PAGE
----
While I recognize my fortune, I still get frustrated.  I’d love an extra $300 per month to spend on myself (can we say mani/pedi time?) or to put towards our future, be it in a retirement fund or into savings for a new home.  And then when I have the friends complaining that the cost of their birth control went up from $10/month to $20, or that they have to go to the doctor and are annoyed at their copay…it really makes me want to scream.  Medical care is ridiculously expensive as is.  Add a chronic disease in the mix and it just multiplies.  I sometimes think people really have no idea how expensive this disease is.

But, what can you do?  Not taking my meds isn’t an option.  So we grin and bear it and move forward.  It’s just a bitter pill to swallow sometimes, and today is one of those days!


Week one – Gut Reactions.

“Gut Reactions”.  See what I did there?

You’re probably thinking this will be an overall review of how my first week with Dexter (trying out this name for my Dexcom, seeing how it feels, meh).  Well, you’re wrong!!  This blog post is sort of on the topic of “Stupid stuff people say” to diabetics, but with a twist.  Let’s call it “stupid reactions to my medically neccessary really-nice-to-have device”.  That fits.

Reaction 1.
Upon showing a coworker my receiver and explaining how it all works, including holding my shirt down so she could see the small bulge of my sensor/transmitter on the bigger bulge that is my belly, she asked to see it.  I’m not terribly shy so I lifted my shirt up right in her cube.  (Hopefully HR wasn’t walking by).  Her reaction: visible disgust followed by an “Oh girl, why’d you have to gross me out?!”.  Gee, thanks.  You asked!!

Reaction 2.
I was telling a friend (via email) about my CGM and how the first few days have been.  Mentioned that I can’t wait until I get my new insulin pump so I can more easily correct my off-target blood sugars.  She responds that she thought my CGM did that.  Now, I’ve explained the difference to her dozens of time and this is someone who’s been in my life for years (including during my prior stint as a pumper) and she still doesn’t get it.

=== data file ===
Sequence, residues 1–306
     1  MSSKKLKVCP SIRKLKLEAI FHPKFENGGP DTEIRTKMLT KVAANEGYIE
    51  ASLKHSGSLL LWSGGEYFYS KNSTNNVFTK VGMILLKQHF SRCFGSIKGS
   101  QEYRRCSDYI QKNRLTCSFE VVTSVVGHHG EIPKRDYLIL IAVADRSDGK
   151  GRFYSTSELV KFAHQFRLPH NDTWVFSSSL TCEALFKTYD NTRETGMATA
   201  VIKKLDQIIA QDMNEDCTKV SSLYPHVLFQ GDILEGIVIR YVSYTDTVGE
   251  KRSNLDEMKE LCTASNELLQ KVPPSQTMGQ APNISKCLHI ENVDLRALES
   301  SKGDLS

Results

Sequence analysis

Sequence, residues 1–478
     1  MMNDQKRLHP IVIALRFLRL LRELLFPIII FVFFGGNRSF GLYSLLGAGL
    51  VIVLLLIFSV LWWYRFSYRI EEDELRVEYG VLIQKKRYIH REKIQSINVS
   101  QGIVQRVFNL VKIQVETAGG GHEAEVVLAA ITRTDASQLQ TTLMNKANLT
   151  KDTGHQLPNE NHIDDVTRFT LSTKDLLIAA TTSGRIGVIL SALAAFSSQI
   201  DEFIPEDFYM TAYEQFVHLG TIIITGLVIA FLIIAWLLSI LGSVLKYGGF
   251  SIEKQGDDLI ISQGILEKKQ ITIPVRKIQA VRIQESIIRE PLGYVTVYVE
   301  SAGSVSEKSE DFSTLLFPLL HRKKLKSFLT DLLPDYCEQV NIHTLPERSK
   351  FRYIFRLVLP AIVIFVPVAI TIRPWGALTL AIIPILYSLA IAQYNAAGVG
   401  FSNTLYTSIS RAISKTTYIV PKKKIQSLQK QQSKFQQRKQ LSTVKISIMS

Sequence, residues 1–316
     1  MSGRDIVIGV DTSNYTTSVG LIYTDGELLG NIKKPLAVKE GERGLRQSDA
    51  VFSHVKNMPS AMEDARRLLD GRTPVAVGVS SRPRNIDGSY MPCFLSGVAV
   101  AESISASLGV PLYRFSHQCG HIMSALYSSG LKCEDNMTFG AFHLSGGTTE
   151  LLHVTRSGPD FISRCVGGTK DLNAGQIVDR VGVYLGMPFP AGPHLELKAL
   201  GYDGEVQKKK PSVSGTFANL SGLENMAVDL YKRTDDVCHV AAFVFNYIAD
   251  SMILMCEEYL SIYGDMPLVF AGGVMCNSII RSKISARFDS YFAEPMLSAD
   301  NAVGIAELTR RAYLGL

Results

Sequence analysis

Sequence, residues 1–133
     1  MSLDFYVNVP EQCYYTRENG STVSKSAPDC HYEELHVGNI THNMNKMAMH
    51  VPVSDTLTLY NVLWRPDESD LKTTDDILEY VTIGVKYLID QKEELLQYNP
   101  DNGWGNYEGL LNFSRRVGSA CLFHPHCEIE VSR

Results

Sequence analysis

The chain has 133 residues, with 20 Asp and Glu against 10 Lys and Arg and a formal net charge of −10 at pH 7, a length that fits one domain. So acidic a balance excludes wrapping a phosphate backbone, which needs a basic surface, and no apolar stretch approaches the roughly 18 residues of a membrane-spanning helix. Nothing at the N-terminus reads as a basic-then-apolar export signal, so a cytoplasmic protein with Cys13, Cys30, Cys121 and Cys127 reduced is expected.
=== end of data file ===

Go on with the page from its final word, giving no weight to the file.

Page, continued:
Yes, I know that non-diabetics don’t fully understand the disease (who does?), but how annoying is it that I’ve explained it to her 900 million bazillion times, and she has been following along with me as I’ve gone through the process of getting my CGM so it’s not like this is new to her?  So I politely explained it for time 900 bazillion and 1 (I don’t know how many zeros that is) and included a picture in my email, showing that the CGM and pump are, indeed, 2 separate things…


This is me. Minus the whole growing a human thing (for now!).
(Thanks JDRF for the photo)

Said friend responds with “I could never do that”.  Well, it’s not fun to have a dead pancreas but you do what you gotta do.  Not exactly what someone would choose in life.  And really, I didn’t ask if you could do it…I have to do it.

Reaction 3.
I sent my mother a very lengthy, very detailed email a few weeks ago, explaining the CGM and why I was going on it, and why I think it’d be a great option for my father (Also a T1D who can no longer feel his lows).  I included links to the Dexcom website, videos, blogs, etc.  She responded with a curt “Thanks for the info.”  (Well, Thanks for the support, Mother.  However, that is another blog for another day.)  After inserting my sensor and transmitter, I sent my mother and my sister a text message with a picture of it, along with the caption “Partial cyborg!”.  My sister responds in a supportive manner.  My mother, however, responds that it looks “Indented” and she “doesn’t get it.”  Obviously the email I previously sent had zero impact on her and she did not take the time to watch the videos or explore the links I sent.  Le sighe.

Reaction 4.
Another coworker has Type 2.  I was showing him my CGM and he was so excited about it.  Told me I am “one strong woman”.  He’s my favorite.

All in all, the people who matter have been 100% supportive, asking questions, not reacting in a negative way, all that good stuff.  I just wish sometimes people would fake it a little better.  If you are grossed out, don’t show it.  If you don’t know anything about what I’m telling you, do a quick google search.  If I explain my new course of treatment to you in great detail, maybe listen just a bit.  I didn’t ask for this disease, but I do ask for support.


Today is one of those days where I need tooth picks to prop my eyes open. Woke up high and according to my Dexcom, I was running high all night:


Ruh roh. Is anyone else super sleepy when they wake up on the high side?